About Dagmar Sternad
The central interest of research in the Action Lab is the control and coordination of goal-directed human behavior. What organizational principles are at work when generating functional perceptually guided movements? The theoretical framework that pervades our studies interprets the actor in the environment as a dynamical system, which is high-dimensional, nonlinear, and capable of producing coordinated and adaptive behavior. More specifically, Prof. Sternad’s research agenda focuses on single- and multi- joint human movements in perceptually specified tasks. Her lab pursues a three-pronged research strategy consisting of: (1) an empirical component with behavioral experiments on human subjects, (2) theoretical work which develops mathematical models for movement generation on the basis of coupled dynamical systems, and (3) brain imaging studies that investigate the cerebral activity accompanying movement. More recently, Prof. Sternad’s lab has extended these experimental paradigms to neurological disorders such as Parkinson’s disease and the elderly.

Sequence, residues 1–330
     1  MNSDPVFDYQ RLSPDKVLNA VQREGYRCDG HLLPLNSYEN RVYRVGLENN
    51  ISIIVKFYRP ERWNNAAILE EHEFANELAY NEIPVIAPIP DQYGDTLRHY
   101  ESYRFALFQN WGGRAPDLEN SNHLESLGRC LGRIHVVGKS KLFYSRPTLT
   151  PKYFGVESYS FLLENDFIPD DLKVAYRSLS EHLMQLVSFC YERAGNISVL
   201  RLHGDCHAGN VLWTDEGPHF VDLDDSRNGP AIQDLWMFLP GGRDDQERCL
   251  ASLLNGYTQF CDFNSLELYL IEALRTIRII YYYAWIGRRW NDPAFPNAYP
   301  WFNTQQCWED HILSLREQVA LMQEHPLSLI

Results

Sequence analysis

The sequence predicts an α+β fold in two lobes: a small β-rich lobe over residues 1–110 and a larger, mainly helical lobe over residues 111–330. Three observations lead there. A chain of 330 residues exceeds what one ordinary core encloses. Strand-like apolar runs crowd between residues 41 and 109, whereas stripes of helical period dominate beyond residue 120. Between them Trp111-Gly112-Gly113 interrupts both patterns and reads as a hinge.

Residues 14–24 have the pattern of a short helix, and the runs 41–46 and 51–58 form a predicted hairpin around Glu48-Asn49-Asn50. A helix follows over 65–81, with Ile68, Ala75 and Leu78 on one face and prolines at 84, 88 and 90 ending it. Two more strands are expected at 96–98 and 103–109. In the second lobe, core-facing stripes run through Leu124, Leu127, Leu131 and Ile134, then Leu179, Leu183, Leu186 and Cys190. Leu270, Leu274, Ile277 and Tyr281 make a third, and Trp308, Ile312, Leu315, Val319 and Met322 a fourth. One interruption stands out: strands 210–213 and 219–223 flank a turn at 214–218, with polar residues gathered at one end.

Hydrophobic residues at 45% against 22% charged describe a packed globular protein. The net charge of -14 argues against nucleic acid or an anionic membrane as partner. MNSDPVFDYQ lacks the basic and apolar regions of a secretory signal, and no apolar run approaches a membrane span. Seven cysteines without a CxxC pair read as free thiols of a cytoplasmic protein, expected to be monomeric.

Motor skills such as throwing a ball, eating with knife and fork or dancing are uniquely human and key to functional behavior. Optimizing the acquisition and preventing or reverting the degradation of skill requires a rigorous quantitative understanding. The Action Lab analyzes how human neurophysiology and task mechanics constrains sensorimotor skills and their change. This work has applications for and performance enhancement and recovery after neurological injury.